Today's selection is The Prodigal God by Tim Keller. I just finished reading it this morning, that's how good it was. (On a side note: I'm really sad that I borrowed this book from my friend, Katie, and have to give it back now.) So basically the book shares the gospel through the venue of the Parable of the Prodigal Son. It's not just for unbelievers or "seekers' though. It's really about remembering what the gospel is really about and assessing your heart and how you fit in.
Here's what Keller has to say about the book himself from the introduction:
"This short book is meant to lay out the essentials of the Christian message, the Gospel. It can, therefore, serve as an introduction to the Christian faith for those who are unfamiliar with its teachings or who may have been away from them for some time.
This volume is not just for seekers, however. Many lifelong Christian believers feel they understand the basics of the Christian faith quite well and don't think they need a primer. Nevertheless, one of the signs you may not grasp the unique, radical nature of the Gospel is that you are certain that you do. Sometimes longtime church members find themselves so struck and turned around by a fresh apprehension of the Christian message that they feel themselves to have been essentially "re-converted." This book, then, is written to both curious outsiders and established insiders of the faith, both to those Jesus calls "younger brothers" and those he calls "elder brothers" in the famous Parable of the Prodigal Son."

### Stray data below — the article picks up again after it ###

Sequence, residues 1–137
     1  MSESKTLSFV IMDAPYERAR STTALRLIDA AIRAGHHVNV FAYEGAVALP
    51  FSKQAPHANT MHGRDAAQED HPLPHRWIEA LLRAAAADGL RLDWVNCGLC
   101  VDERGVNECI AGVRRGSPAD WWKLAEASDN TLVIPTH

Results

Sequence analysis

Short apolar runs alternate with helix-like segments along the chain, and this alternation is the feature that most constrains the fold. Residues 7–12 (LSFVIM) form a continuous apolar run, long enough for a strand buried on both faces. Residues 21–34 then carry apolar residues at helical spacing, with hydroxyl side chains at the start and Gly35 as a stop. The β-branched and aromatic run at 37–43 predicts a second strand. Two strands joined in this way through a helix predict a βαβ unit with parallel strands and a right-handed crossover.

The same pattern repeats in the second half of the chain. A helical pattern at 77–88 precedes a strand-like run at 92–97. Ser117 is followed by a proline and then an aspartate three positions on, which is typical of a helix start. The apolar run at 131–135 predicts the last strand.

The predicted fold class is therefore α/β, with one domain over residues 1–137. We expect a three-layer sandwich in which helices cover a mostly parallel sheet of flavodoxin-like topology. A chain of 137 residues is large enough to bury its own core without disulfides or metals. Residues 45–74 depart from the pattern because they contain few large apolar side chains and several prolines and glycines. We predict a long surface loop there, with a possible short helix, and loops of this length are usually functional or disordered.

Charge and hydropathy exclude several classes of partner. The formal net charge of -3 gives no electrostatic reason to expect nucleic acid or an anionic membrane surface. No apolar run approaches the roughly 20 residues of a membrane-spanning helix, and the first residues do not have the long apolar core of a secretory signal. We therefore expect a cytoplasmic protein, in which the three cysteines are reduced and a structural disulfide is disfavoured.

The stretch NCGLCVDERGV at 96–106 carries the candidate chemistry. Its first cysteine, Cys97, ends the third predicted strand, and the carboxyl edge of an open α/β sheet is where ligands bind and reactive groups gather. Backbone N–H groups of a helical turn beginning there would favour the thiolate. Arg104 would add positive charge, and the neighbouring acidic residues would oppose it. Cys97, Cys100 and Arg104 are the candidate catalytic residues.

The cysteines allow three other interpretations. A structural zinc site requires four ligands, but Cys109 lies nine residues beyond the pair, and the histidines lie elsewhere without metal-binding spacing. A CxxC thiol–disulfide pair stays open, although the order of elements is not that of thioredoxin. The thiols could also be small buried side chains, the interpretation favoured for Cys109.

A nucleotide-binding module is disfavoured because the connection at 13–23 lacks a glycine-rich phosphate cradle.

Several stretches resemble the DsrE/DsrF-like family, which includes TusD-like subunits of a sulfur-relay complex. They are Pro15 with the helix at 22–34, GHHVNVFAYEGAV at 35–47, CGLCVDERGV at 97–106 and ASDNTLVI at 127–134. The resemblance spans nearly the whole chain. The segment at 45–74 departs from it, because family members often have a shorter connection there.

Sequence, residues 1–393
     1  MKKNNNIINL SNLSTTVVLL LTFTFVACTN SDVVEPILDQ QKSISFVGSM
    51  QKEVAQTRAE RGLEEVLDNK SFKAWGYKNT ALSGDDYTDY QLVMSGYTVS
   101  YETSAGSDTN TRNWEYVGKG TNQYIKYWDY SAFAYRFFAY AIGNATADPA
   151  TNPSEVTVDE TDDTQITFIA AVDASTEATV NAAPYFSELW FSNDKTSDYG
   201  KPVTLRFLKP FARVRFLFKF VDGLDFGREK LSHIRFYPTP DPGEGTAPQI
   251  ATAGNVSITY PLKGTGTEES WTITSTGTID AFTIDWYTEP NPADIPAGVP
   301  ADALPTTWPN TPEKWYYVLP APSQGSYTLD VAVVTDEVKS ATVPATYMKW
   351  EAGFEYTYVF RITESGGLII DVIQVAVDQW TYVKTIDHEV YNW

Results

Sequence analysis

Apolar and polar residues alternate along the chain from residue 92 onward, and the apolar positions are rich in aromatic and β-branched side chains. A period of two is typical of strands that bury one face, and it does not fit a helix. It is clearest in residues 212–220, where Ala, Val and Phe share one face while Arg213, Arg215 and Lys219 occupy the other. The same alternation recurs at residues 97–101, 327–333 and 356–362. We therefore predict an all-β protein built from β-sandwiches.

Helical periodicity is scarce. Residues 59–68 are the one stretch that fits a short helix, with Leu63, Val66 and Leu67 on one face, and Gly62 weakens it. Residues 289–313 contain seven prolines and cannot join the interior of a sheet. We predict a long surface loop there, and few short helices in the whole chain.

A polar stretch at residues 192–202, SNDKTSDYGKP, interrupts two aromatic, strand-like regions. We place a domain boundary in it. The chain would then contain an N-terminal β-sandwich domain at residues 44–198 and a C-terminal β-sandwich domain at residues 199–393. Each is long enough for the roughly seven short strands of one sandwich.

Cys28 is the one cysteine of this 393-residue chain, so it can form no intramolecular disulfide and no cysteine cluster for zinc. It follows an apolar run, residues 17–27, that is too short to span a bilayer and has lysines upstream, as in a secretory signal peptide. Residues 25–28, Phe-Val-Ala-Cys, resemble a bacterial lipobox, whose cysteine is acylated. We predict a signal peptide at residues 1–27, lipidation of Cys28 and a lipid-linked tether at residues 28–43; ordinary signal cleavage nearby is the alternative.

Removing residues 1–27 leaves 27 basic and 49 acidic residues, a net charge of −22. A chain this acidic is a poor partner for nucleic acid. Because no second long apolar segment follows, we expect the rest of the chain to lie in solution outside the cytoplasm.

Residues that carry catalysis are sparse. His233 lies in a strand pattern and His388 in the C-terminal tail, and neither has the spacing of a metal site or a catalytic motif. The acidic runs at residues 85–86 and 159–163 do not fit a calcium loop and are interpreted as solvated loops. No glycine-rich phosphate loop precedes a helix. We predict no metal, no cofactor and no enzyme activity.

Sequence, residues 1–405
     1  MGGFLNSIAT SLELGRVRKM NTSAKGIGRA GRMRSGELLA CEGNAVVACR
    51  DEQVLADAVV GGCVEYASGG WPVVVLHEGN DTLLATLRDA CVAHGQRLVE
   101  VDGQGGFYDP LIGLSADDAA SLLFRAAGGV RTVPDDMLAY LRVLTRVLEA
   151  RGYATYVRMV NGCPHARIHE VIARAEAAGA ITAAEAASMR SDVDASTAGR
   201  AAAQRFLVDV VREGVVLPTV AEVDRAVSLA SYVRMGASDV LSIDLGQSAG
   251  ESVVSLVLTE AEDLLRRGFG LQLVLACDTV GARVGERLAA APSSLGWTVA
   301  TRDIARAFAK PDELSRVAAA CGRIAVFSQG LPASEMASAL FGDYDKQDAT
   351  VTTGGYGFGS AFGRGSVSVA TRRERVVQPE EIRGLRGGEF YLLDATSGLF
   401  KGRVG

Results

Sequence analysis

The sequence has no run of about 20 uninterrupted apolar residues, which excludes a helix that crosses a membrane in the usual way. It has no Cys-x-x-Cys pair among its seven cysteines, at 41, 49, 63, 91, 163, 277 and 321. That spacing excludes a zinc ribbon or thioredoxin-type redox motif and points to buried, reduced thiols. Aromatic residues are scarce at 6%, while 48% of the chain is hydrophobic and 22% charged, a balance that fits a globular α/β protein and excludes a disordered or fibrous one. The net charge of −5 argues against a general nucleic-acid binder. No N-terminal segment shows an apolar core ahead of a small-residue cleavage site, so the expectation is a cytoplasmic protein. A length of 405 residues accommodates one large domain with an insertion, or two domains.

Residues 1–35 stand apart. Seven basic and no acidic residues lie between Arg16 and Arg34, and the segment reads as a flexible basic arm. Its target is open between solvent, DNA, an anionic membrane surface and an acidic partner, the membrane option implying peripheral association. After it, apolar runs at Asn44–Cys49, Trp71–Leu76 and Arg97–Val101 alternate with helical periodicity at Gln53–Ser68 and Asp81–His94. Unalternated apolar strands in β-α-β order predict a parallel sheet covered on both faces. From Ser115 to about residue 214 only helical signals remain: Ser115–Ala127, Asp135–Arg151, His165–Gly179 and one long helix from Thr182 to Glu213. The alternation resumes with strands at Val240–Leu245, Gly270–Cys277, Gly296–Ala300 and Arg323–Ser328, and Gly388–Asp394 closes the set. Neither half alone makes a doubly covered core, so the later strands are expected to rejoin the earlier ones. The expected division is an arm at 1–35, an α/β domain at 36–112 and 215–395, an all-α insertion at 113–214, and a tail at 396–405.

Keller walks through the whole parable word by word in a way that I've never seen or heard before. He says that the parable is as much about the younger brother as it is about the elder brother and as it is about the father. I don't want to reveal too much, so I'll leave it at that, but it's really incredible and definitely life changing if you're willing to look at your own heart honestly.
So, I'll just leave you with my favourite passage and you can go buy it...and me too!
" We habitually and instinctively look to other things besides God and His grace as our justification, hope, significance, and security. We believe the gospel at one level, but at deeper levers we do not. Human approval, professional success, power, and influence, family and clan identity--all of these things serve as our heart's "functional trust" rather than what Christ has done, and as a result we continue to be driven to a great degree by fear, anger, and a lack of self-control. You cannot change such things through mere willpower, through learning Biblical principles and trying to carry them out. We can only change permanently as we take the gospel more deeply into our understanding and into our hearts. We must feed on the gospel, as it were, digesting it and making it part of ourselves. That is how we grow."